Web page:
I remember the first time I heard the name Fabiola Campillai Rojas. It was on television, on the night of November 26, 2019, during Chile’s social uprising. The news was reporting that a working-class woman, on her way to the factory where she worked in the commune of San Bernardo, had been shot directly in the face by the police and was now fighting for her life. The news terrified me, haunted me. It was another terrible attack on top of so many others., For those of us covering the uprising on the streets of Santiago, the situation was infuriating and devastating. Days later, the same media announced that this woman had lost both eyes, in addition to her senses of taste and smell.

During those weeks of horror, I went out on the streets again and again to make visible this great struggle for social change. As I walked with my camera and microphone, I wore a bandage stained with red ink on my head, in honor of Fabiola Campillai, Gustavo Gatica, Natalia Aravena, Daniel, Matias and hundreds of other victims of ocular trauma. At that moment, we were demanding an immediate end to the systematic violations of our human rights and justice for all those who suffered sexual abuse, who were tortured, who died, or who were seriously injured by militarized police. I couldn’t have imagined that I would become the next victim, adding to an endless list of emergencies at hospital eye trauma units.

It happened on the night of December 31, 2019, as I was heading to work as a documentary filmmaker with a group of colleagues at Plaza de la Dignidad (“Dignity Plaza,” formerly known as “Plaza Italia”), the focal point of the demonstrations in Santiago. A police squad shot straight at us at face level, and I tried to dodge it, but it was too late. I felt a sudden, inexplicable pain in my face that knocked me to the ground and then everything faded to black. That night, they took away the vision in my left eye. During my medical rehabilitation, I decided to begin a long path of fighting for justice, which brought me together with Fabiola Campillai.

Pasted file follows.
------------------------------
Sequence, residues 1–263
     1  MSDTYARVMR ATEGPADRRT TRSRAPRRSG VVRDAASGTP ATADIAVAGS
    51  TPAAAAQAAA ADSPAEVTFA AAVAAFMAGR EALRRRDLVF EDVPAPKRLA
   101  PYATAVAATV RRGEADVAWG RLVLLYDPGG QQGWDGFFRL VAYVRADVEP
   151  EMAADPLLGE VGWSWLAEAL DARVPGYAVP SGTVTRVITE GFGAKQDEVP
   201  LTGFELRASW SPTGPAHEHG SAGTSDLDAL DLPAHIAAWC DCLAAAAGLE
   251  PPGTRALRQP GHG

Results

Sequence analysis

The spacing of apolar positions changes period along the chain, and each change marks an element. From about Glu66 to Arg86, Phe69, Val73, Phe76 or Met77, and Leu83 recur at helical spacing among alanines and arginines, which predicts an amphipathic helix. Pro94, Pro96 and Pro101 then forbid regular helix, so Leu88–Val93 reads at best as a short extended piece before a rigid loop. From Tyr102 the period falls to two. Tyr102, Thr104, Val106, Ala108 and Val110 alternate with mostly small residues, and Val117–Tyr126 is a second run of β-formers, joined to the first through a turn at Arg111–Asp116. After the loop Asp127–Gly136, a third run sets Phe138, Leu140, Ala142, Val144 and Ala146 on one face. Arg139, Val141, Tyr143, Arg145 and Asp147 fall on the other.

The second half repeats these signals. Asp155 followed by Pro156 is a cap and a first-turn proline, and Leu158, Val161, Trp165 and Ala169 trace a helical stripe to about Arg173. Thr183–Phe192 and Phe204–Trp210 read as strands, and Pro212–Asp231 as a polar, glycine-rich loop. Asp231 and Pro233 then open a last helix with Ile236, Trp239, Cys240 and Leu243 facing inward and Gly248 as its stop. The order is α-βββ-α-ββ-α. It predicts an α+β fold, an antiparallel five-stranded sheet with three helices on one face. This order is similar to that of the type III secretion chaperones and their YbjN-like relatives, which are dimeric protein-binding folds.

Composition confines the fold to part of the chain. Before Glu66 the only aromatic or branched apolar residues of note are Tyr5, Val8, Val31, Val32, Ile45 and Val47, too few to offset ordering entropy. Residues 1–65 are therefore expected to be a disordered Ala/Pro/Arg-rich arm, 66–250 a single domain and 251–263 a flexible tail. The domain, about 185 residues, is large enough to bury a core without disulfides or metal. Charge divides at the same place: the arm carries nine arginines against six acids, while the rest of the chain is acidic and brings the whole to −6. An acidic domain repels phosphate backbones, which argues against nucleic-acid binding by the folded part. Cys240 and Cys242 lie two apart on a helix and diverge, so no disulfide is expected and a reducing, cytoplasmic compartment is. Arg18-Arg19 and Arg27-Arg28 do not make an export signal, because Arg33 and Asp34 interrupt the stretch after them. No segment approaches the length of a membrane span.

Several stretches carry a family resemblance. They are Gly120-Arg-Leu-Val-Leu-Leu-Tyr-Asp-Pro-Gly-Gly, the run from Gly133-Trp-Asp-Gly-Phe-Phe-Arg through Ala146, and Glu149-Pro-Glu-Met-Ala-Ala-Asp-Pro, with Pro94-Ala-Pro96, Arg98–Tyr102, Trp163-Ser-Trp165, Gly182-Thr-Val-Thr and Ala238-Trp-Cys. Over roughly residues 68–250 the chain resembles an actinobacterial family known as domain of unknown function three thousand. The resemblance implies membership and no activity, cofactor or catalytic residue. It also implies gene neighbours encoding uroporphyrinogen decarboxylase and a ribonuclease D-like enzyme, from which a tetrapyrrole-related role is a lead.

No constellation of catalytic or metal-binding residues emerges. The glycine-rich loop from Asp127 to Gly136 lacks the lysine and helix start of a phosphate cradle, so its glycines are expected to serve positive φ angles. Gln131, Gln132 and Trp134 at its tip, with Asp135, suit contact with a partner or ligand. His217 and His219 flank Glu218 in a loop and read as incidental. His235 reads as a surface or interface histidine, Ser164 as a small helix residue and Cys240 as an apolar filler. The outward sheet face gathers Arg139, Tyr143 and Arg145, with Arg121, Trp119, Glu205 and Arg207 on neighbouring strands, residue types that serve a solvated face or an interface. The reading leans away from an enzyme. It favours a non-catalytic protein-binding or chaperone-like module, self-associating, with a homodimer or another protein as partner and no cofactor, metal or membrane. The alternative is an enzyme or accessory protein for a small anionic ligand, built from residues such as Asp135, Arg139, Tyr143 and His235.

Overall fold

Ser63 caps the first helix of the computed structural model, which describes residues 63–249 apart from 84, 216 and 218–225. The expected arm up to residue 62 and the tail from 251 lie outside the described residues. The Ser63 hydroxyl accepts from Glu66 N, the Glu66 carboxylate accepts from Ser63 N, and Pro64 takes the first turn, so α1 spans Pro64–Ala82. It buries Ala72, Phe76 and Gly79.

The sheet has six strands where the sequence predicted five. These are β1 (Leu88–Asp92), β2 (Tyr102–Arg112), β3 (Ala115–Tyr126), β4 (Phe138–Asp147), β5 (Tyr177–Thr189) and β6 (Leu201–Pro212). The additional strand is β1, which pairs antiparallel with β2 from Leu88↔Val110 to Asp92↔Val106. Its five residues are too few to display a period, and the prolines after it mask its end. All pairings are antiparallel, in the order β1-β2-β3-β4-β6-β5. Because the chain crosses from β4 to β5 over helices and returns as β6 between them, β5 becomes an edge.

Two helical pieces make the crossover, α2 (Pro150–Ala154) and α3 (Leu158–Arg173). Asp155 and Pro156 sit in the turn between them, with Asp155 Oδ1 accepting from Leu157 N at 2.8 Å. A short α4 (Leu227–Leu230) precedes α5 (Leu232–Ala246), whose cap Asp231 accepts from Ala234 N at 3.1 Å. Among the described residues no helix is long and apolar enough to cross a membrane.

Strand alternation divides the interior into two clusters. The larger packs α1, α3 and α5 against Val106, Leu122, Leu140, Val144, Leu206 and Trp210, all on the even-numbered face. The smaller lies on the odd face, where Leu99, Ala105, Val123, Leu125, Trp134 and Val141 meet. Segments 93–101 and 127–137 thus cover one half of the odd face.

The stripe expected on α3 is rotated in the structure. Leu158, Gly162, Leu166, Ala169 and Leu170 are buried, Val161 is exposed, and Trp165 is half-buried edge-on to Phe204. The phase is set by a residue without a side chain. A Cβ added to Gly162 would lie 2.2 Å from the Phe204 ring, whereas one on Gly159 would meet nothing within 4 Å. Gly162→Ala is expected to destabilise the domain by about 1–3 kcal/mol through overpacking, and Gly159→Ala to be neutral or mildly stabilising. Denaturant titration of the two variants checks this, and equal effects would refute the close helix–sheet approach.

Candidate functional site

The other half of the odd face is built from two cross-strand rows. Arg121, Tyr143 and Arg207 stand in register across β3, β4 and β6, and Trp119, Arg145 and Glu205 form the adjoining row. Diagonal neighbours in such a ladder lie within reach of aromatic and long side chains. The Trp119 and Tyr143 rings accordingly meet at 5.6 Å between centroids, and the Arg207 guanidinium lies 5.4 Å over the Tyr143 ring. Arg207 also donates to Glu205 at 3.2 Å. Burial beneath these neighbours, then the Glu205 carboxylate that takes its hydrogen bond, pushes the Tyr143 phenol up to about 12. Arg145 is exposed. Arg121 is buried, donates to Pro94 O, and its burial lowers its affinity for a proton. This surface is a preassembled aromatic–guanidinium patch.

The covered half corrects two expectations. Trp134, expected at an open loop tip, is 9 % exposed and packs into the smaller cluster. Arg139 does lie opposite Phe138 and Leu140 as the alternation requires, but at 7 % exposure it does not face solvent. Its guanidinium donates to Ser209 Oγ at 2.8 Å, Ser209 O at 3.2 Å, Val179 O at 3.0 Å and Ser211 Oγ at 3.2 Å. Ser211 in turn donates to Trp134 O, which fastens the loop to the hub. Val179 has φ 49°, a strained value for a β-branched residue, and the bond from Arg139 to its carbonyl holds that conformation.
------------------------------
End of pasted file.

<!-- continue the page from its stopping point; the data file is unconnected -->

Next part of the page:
One year after the attack, I visited Fabiola for the first time in her home. We hugged, and as she smiled at me, her calm demeanor and courage impressed me so much that I couldn’t help crying. It was so disturbing for me to see her face covered with the scars of state violence. We’ve been walking together ever since: I helped document her case and, later, participated in her parliamentary campaign. In November 2021, Fabiola Campillai Rojas won a historic number of votes and was elected senator with the first national majority. 

To this day, I work with her in communications and on the Comprehensive Reparation Roundtable for Victims of the Social Uprising, together with the Undersecretary for Human Rights of the Ministry of Justice. Our political priorities are: the truth, the release of political prisoners, justice, comprehensive reparation, and guarantees of non-repetition — because we never want these crimes to be repeated or for a president to declare war on his people again. I talked with the Senator about her experience, what made her decide to run for office, and what her hopes are for the future.

Editor’s note: this interview, which has been edited and condensed, was recorded before the September 4th plebiscite rejecting the proposed constitution.


Where did you find the strength to move forward and become a human rights defender?